21.5 Summary: the enigma of Uta–napišti

    22 Why the ‘gaps’?

    22.1 Significant silences and performance

    22.2 Reasons for silences on the part of Uta–napišti

    22.3 Reasons for silences on the part of the Poet(s)

    PART 4 – Other interconnections

    23 Ea’s duplicity and Babylonian/Assyrian divination

    23.1 Which forms of divine communication feature in the story?

    23.2 Dreams and the importance of gender roles

    23.3 The kukku in divination

    23.3.1 In Šumma Izbu (malformed birth omens)

    23.3.2 In extispicy (liver omens)

    23.4 The gods, omens, and deceit

    23.4.1 The oracle trompant

    23.4.2 Characterisations of gods as mendacious

    23.4.3 Characterisations of omens as ‘false’, etc.

    23.4.4 Omens which are ambivalent or deceptive

    23.4.5 Summary: Ea’s message and divine deceit

    23.5 Summary: Ea’s duplicity and Babylonian divination

    24 Beyond Cuneiform

    24.1 Genesis

    24.1.1 Issues of textual history

    24.1.2 The question of influence

    24.1.3 Beyond influence Miscellaneous differences Morality

    24.2 Berossus

    25 Conclusions




    Martin Worthington is Associate Professor in Middle Eastern Studies in the Department of Near and Middle Eastern Studies, Trinity College Dublin, Ireland.

    "Worthington’s Ea’s Duplicity in the Gilgamesh Flood Story is an outstanding book. It is extraordinarily well researched, superbly written, and thought provoking. The new approach brought forth by Worthington has tremendous potential for furthering the study of Mesopotamian literature. I cannot emphasize enough how engaging Worthington’s prose is, something which we do not see often in studies on the ancient Near East." - Alhena Gadotti, Journal of Near Eastern Studies

    "Ea’s Duplicity is surely the most detailed, intense, penetrating, interesting, erudite, and imaginative critical engagement with a swatch of cuneiform literature thus far offered, so cast as to be accessible to any willing reader, even one straying in from outside the narrow pale of Assyriology. It will amply repay that reader’s no less intense engagement with the author’s steady flow of questions, compelling logic and exposition, and his vast treasury of information and association. No one who savors the arguments put forth so elegantly in this book will read the Flood Story again without thinking about what Worthington has to say about it." - Benjamin Foster, Journal of the American Oriental Society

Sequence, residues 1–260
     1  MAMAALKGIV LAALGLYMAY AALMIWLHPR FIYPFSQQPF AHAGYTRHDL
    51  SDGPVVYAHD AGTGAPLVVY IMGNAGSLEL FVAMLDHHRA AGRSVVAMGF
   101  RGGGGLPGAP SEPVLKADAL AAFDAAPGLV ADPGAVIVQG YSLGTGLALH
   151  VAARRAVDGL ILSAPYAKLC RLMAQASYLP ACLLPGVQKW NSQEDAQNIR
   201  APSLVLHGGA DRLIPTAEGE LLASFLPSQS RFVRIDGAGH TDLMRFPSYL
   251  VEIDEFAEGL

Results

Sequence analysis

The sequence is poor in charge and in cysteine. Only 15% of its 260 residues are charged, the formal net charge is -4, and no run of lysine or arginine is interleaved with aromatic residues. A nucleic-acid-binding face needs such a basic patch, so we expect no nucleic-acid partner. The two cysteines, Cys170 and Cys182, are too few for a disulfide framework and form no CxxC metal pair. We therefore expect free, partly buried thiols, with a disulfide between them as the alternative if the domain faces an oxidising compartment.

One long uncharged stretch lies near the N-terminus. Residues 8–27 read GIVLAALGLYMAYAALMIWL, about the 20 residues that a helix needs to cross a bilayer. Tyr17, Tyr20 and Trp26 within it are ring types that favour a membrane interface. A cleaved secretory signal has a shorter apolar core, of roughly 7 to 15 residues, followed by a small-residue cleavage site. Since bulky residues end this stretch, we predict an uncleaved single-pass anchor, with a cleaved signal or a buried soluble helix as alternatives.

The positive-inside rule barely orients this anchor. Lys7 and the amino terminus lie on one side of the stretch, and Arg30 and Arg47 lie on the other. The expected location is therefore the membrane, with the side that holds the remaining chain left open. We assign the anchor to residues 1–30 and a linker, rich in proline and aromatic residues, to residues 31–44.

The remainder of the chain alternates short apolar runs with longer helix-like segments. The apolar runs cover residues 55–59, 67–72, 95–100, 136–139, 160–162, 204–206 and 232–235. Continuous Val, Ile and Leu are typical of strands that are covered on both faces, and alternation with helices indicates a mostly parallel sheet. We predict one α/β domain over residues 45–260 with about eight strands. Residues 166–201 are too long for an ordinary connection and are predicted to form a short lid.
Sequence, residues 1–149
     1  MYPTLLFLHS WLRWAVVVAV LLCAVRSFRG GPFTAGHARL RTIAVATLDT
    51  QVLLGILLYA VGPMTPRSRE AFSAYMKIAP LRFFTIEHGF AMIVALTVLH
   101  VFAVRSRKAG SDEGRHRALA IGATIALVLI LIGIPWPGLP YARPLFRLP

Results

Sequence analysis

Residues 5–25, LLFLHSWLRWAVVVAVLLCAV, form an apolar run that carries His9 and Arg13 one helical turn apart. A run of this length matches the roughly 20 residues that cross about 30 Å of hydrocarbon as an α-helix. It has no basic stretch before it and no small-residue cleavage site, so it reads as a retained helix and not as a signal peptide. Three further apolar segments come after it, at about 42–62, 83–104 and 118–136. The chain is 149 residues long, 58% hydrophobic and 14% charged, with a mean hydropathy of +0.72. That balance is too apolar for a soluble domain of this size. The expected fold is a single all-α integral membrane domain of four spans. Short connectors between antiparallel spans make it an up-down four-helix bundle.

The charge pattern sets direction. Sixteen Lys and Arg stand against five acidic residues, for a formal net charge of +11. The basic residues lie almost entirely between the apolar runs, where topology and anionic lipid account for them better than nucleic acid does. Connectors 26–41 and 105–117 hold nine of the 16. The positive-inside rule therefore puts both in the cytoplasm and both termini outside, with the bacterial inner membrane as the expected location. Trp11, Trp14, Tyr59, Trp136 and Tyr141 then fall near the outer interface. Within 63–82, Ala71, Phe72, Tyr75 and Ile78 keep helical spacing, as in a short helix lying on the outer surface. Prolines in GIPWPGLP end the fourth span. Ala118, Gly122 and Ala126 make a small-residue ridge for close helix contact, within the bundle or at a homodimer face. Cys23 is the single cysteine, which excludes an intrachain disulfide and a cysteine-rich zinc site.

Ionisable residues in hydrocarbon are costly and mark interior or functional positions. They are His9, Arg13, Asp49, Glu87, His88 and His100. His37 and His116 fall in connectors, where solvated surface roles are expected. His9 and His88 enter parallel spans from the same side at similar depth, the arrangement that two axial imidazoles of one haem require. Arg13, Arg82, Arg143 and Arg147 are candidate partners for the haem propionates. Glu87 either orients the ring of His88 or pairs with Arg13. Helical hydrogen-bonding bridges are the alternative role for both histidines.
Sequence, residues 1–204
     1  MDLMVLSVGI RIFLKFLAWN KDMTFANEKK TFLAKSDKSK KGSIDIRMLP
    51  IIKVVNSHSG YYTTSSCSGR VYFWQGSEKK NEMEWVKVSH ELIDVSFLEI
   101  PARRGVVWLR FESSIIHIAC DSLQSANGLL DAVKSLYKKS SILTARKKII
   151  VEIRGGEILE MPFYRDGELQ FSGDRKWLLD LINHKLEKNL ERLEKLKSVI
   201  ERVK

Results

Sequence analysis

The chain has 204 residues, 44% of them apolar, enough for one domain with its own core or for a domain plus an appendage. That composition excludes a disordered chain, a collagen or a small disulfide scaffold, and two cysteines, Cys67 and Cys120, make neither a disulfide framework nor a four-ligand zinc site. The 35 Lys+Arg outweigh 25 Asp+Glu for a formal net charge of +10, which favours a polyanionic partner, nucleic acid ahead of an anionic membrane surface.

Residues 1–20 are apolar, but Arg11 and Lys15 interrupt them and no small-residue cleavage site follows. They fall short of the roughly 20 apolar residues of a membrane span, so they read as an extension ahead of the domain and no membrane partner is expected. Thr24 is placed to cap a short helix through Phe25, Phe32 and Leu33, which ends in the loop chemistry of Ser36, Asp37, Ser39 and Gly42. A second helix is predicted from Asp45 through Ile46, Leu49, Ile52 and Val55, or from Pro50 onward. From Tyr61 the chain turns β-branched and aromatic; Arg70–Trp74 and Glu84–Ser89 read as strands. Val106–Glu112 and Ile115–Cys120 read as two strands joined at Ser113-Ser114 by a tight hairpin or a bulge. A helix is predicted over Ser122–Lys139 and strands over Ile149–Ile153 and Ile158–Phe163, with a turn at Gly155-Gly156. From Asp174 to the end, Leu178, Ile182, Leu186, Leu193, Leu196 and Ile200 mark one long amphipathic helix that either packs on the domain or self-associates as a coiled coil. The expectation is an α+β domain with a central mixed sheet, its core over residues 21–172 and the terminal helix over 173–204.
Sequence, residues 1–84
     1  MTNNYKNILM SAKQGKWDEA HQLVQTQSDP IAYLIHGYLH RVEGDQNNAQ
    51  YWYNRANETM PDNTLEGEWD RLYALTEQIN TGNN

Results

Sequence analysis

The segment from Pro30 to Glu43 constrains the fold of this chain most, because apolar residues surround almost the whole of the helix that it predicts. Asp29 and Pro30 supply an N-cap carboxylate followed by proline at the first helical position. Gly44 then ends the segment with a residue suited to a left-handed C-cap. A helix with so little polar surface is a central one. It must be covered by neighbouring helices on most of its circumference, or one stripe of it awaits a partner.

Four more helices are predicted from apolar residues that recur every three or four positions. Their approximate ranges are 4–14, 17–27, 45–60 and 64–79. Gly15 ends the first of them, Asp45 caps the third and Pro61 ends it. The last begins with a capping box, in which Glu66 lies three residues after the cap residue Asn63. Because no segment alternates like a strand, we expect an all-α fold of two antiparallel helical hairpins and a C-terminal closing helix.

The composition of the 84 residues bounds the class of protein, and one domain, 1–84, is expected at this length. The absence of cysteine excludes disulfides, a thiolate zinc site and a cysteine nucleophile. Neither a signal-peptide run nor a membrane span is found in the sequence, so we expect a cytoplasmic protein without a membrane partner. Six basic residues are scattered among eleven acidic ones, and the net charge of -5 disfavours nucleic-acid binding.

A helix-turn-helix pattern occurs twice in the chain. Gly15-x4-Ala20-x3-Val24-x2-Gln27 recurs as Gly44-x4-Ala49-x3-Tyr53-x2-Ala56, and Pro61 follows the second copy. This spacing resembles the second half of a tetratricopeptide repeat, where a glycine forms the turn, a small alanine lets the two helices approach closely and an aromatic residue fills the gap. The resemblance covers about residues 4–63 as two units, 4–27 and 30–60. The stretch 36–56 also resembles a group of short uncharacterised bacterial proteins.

"Worthington’s Ea’s Duplicity in the Gilgamesh Flood Story certainly considers nine lines from tablet XI of the best known epic from Mesopotamia, this passage forms the microcosmic core of a macrocosmic exploration of a world of Assyrian and Babylonian literature, prophecy, historiography, and ancient wisdom. Worthington unfurls new and hidden meanings in his passage from tablet XI, but to do so he takes a winding road, inviting the reader on a dizzying journey involving storm-demons, competing translations, species of ancient grains, and much more." - Review of Biblical Literature

    "Worthington offers profitable insights into the Gilgamesh Flood Story[...] The complexities of his research will challenge and divide Assyriologists just as, as he claims, Uta-napishti may have been divisive to ancient audiences!" - Alan Millard, Strata

    "[this book] is of primary use to scholars in Assyriology and Classical studies, and it will also be of interest to those studying the flood story in the Hebrew Bible ... meticulous... the author is to be commended for his mastery of Akkadian, Arabic, Hebrew, French, German and Italian." - Rebecca Huskey, Classical Journal 

    "In Martin Worthington’s study of Gilgamesh, the delight is in the details... [He] makes a compelling case that ancient scholars could and did produce interpretations that were as complex, detail-oriented, and individually varied as those of modern scholars... The book proceeds as a sequence of tightly reasoned, clearly formulated arguments, but its theme is the ultimate elusiveness of Ea, the god of wisdom and water; and as we are reminded in the book’s epigraph, a quotation from Thorkild Jacobsen: “the ways of water are devious”. It is this productive tension between form and content, between the solid and the fluid, that make Ea’s Duplicity such a delightful contribution to the scholarship on Gilgamesh." - Sophus Helle, Bulletin of the School of Oriental and African Studies